First published: Winter 2023/24
Former museum director Roger Manley tells of how a fateful encounter with artist Annie Hooper led to his lifelong involvement in outsider art
Life often takes one in directions that were never quite intended. Sometimes what seem like minor decisions can change your life forever. In my case, when I started college, I thought I was going to major in biology, envisioning becoming an entomologist running around rainforests. But, when I got my grades at the end of my first semester, it was clear that I was not going to be a scientist. Rather than going straight home to face my father with my dismal report, I decided to go camping on North Carolina’s Outer Banks, a long string of sandy islands off the coast that on the map looks distant and disconnected from the rest of the state.
Hooper’s sun porch, photo: Roger Manley
My roommate Cliff and I set off hitchhiking. It was winter, there was hardly any traffic, and it was raining. Hours passed between vehicles, and the few we saw seemed to speed up to pass the two drenched, unshaven drifters by the road. When at last a truck picked us up, I asked the driver what there was to do in a place as forlorn as this. His suggestions of beachcombing or climbing a local lighthouse did not appeal, but then he said, “Well, I suppose you could go by and see my granny. She does these sort of wood carved things.” Christmas was a few days away, and I still didn’t have gifts for my family. Maybe I could buy some duck decoys, bookends or ashtrays from this guy’s grandmother.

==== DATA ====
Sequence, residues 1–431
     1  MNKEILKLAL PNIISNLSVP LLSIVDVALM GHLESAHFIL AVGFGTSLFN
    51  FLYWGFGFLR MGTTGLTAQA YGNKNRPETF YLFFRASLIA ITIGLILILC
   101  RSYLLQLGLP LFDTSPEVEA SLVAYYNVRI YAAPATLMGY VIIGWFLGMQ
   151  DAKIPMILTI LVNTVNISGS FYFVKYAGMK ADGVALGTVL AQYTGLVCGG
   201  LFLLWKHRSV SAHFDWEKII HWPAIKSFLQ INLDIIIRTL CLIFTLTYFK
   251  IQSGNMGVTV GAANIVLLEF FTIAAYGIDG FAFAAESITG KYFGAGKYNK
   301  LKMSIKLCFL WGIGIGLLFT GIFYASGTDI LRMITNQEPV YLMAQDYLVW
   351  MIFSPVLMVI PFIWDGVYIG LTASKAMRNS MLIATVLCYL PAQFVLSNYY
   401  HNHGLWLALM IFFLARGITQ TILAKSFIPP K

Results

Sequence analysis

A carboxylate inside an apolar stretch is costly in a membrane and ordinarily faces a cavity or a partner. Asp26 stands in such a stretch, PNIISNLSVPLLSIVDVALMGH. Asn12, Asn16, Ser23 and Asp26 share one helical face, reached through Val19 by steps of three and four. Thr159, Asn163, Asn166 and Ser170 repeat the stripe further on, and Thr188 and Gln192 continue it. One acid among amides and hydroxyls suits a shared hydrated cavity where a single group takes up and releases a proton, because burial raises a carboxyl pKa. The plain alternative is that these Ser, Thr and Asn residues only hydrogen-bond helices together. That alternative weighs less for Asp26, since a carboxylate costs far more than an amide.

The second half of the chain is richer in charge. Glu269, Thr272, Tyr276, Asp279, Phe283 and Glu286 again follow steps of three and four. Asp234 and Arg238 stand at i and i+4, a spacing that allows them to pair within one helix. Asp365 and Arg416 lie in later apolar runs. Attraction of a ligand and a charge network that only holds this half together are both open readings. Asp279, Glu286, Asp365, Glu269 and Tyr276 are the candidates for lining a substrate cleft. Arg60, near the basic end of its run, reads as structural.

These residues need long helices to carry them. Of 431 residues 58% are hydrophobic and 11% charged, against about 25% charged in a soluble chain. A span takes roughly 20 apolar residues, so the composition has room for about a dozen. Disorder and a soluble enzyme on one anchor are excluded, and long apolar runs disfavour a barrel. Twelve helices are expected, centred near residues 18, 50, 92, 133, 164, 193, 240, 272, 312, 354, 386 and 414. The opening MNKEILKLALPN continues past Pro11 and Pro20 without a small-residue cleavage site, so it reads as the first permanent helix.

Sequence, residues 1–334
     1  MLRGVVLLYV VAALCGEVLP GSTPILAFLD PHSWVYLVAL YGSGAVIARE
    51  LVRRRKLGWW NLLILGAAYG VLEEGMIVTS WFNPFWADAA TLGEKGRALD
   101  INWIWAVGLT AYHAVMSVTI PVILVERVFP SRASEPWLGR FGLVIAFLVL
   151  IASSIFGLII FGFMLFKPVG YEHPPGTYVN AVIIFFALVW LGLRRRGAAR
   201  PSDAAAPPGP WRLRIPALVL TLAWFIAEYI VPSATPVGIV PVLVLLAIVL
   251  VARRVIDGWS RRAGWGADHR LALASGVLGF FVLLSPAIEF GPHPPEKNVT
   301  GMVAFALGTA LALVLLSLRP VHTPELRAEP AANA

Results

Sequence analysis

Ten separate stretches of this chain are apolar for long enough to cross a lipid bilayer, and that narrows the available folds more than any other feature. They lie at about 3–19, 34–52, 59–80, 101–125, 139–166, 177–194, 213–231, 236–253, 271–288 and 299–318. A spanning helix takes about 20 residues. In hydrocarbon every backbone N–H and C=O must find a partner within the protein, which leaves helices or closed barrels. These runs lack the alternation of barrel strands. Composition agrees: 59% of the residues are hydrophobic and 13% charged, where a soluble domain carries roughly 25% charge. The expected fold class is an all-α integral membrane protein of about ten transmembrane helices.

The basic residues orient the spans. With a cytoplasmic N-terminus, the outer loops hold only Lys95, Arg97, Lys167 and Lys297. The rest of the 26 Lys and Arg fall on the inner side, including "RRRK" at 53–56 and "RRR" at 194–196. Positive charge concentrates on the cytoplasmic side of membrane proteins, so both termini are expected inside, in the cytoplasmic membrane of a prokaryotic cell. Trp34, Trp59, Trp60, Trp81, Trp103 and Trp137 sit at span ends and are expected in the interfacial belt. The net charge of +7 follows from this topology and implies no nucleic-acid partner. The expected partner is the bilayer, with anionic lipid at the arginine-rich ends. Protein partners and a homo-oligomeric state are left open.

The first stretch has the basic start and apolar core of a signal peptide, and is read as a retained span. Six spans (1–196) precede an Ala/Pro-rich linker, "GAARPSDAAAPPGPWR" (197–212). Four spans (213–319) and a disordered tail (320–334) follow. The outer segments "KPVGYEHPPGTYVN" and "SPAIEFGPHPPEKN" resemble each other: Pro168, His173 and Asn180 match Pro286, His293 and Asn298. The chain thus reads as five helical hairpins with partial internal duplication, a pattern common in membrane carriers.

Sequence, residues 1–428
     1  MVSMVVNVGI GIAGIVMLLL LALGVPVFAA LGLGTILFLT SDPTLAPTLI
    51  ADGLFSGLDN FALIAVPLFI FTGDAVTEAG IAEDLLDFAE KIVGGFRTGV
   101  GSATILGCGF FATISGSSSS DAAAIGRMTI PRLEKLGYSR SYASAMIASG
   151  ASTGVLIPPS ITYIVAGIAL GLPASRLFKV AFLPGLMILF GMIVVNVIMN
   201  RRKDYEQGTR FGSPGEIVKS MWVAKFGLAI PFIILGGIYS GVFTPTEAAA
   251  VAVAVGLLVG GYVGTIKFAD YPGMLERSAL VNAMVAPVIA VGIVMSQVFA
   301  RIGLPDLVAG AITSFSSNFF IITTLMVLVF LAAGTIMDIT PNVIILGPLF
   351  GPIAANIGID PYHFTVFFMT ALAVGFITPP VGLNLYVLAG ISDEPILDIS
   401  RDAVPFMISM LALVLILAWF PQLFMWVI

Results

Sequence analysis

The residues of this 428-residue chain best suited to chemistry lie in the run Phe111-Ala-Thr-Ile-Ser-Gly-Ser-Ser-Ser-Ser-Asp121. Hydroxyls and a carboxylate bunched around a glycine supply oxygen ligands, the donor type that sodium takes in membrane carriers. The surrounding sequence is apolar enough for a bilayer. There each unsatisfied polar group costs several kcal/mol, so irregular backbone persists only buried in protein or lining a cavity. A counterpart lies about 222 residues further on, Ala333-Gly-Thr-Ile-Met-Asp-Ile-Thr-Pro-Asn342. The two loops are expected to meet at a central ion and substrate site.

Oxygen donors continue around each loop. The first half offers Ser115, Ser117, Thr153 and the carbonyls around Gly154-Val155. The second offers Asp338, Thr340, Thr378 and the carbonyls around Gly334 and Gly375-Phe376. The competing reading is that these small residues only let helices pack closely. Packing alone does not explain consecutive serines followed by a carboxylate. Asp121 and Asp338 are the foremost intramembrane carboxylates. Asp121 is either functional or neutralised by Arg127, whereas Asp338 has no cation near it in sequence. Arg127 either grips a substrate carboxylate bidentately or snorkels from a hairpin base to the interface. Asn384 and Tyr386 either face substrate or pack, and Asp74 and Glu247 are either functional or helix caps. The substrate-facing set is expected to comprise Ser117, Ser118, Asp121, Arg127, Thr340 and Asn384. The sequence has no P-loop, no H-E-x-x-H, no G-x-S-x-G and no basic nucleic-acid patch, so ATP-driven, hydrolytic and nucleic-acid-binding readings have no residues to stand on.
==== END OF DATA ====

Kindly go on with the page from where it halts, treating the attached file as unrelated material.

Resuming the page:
Hooper in her laundry room, photo: Roger Manley
A tiny, white-haired woman in a velveteen house robe opened the door, introduced herself as Annie Hooper and ushered us inside. As my eyes adjusted to the darkness, I realised that hundreds of faces were looking back at me. Everywhere I turned were waist-high driftwood and concrete figures, painted gold, purple, cobalt-blue. They were grouped to create scenes from the Bible, each contained within a string of tinsel, and identified by scriptural messages scrawled on Styrofoam meat trays. The floor was so packed with angels, sheep and ancient Israelites that there was scarcely space to step, and only the narrowest pathways to get from room to room.
by ROGER MANLEY
This is an article extract; read the full article in Raw Vision #117.